Orange County Business Journal Book

West Coast Air Conditioning Co. Inc.
Celebrating 50 years in 2012
1155 Pioneer Way, suite 101
El Cajon, CA 92020

Some sparks you want.
Others you don’t.

Adversarial relationships are all too typical in the construction industry, but they don’t serve your best interests.

We do. As an owner’s contractor, West Coast Air Conditioning Co. will be at your side from your project’s inception through completion. We’ll serve as your advocate. We’ll tell you exactly what needs to happen for you to get what you want, and then we’ll do what it takes to make it happen.


The only sparks you’ll get from us are the ones you want.

Specialists in:
Cogeneration /power creation
Central plants
School construction and modernization
Energy reduction

Central Utility Plant
State –of-the-art facility delivers reliability and cost-savings

The nearly nine million passengers who traverse the Thomas F. Riley Terminal at John Wayne Airport each year will no doubt notice and appreciate the new facilities’ many amenities, from the wide variety of concessions and more efficient passenger and baggage screening, to the improved parking access and even the four new art displays.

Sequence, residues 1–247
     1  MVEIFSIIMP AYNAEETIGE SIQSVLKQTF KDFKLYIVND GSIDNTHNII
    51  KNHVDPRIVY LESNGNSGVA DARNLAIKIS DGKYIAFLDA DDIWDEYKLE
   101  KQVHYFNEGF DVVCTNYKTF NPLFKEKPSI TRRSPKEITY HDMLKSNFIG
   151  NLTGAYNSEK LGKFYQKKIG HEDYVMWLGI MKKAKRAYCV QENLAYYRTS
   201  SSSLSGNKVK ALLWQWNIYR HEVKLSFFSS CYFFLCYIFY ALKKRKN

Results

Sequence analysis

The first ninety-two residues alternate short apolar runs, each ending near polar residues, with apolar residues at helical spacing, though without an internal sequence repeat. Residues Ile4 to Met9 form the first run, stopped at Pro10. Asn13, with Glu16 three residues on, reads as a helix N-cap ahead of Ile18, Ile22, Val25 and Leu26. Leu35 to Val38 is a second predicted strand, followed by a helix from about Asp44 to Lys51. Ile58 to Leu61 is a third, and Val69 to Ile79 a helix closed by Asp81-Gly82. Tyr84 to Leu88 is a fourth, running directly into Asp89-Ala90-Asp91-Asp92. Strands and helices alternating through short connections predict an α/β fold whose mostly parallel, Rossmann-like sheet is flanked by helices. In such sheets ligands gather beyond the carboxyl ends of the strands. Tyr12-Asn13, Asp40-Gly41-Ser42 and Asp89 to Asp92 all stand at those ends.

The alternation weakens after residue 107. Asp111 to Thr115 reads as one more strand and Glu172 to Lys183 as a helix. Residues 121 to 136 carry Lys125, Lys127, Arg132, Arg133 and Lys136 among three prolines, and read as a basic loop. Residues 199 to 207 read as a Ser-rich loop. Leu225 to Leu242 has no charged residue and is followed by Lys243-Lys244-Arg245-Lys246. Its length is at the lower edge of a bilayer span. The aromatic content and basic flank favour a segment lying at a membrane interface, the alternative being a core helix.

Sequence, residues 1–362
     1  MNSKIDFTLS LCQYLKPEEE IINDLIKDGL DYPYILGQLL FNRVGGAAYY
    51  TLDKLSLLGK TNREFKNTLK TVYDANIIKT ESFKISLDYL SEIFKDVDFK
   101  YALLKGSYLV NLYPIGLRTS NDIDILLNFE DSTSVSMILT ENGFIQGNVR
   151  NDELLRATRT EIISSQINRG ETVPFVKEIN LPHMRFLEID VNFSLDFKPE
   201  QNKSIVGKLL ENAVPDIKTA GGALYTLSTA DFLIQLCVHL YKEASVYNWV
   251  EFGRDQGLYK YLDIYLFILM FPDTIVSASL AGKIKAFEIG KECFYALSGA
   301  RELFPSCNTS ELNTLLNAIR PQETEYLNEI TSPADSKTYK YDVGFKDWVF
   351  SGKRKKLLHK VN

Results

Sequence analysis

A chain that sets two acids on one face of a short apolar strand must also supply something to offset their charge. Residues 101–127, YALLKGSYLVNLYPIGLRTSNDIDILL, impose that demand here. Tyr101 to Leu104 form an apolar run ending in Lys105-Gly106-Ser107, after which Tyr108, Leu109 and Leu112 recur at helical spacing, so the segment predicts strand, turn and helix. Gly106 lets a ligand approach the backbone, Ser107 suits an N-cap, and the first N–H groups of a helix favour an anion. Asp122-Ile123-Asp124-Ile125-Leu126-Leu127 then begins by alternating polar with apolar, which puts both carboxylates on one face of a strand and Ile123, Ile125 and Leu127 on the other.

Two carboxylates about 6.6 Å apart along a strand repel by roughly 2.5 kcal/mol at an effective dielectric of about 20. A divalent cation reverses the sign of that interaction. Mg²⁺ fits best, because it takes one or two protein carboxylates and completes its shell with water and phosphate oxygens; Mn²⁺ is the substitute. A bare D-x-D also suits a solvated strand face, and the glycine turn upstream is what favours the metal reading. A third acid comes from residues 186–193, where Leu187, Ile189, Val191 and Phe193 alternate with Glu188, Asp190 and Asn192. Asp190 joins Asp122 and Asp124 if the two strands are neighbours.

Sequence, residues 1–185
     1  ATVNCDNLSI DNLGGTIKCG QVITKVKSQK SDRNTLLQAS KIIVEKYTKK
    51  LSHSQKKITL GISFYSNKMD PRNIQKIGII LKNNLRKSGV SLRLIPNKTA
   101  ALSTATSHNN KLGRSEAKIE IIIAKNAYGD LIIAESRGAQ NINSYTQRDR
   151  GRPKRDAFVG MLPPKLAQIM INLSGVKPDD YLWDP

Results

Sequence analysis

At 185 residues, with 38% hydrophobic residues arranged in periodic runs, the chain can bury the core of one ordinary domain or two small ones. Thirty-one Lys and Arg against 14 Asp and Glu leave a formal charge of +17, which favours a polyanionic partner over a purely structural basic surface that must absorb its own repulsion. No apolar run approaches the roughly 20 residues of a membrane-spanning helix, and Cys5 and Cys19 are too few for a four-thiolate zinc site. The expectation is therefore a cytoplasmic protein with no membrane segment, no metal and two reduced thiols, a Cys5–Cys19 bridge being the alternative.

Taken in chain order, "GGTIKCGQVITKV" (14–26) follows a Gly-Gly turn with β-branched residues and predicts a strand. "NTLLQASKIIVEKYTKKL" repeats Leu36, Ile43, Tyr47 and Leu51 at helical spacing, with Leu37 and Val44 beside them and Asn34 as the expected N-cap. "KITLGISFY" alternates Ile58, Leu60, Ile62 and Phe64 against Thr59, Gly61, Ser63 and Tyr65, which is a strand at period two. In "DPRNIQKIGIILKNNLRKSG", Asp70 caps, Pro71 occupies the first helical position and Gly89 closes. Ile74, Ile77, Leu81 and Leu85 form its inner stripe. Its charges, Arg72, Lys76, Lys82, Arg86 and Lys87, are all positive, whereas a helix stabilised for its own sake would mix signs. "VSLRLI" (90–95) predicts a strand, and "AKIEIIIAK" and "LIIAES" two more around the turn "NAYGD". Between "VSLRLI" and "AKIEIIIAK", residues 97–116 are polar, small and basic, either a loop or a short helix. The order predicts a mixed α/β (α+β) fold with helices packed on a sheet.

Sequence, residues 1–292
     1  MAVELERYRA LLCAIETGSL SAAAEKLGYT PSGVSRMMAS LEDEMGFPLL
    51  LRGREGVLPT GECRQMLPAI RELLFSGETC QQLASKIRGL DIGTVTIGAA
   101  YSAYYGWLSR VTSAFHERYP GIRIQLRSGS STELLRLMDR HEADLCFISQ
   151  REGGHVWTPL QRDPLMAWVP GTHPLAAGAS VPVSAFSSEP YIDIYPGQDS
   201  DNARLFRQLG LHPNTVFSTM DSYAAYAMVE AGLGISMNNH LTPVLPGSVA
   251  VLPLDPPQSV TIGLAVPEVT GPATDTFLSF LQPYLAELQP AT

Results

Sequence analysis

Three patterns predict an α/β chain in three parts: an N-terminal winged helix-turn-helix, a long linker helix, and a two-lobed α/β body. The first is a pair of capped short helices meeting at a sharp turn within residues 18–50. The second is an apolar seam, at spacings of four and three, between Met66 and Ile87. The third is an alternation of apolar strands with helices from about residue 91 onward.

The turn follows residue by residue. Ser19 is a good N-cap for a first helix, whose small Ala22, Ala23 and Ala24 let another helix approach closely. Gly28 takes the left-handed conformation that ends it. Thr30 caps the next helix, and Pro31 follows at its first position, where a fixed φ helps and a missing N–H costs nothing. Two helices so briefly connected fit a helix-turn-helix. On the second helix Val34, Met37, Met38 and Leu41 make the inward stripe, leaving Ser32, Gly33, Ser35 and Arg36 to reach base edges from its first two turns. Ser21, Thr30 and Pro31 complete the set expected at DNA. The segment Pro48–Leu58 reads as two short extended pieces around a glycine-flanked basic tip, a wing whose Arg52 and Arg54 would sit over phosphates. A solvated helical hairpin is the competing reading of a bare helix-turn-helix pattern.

Less noticeable to travelers- but no less significant an improvement- is the new, $30.5 million Central Utility Plant. Completed as a design-build project by West Coast Air Conditioning Co., this innovative facility supplies electrical power and chilled water to serve the air conditioning system for the entire airport 24/7/365.

Immunity to blackouts
The new plant replaces an approximately 40-year-old, outdated facility. One of its most important features is that this cogeneration plant gives its owner, the County of Orange, the security of a consistently reliable source of power, making John Wayne Airport a sustainable facility that is virtually independent from Southern California Edison.

“Our cogeneration clients choose this path to obtain significant cost-savings,” says West Coast Air President, David Dudley, “but for the majority of them who own facilities where even a momentary interruption in power service3 can’t be tolerated, reliability is the crucial factor.”

At the airport’s new plant, four natural-gas-fired engines run generators to produce 7.8 megawatt-hours of electricity- enough to power 6,000 average homes- allowing the airport to be mostly independent from Southern California Edison and thus stay online during blackout.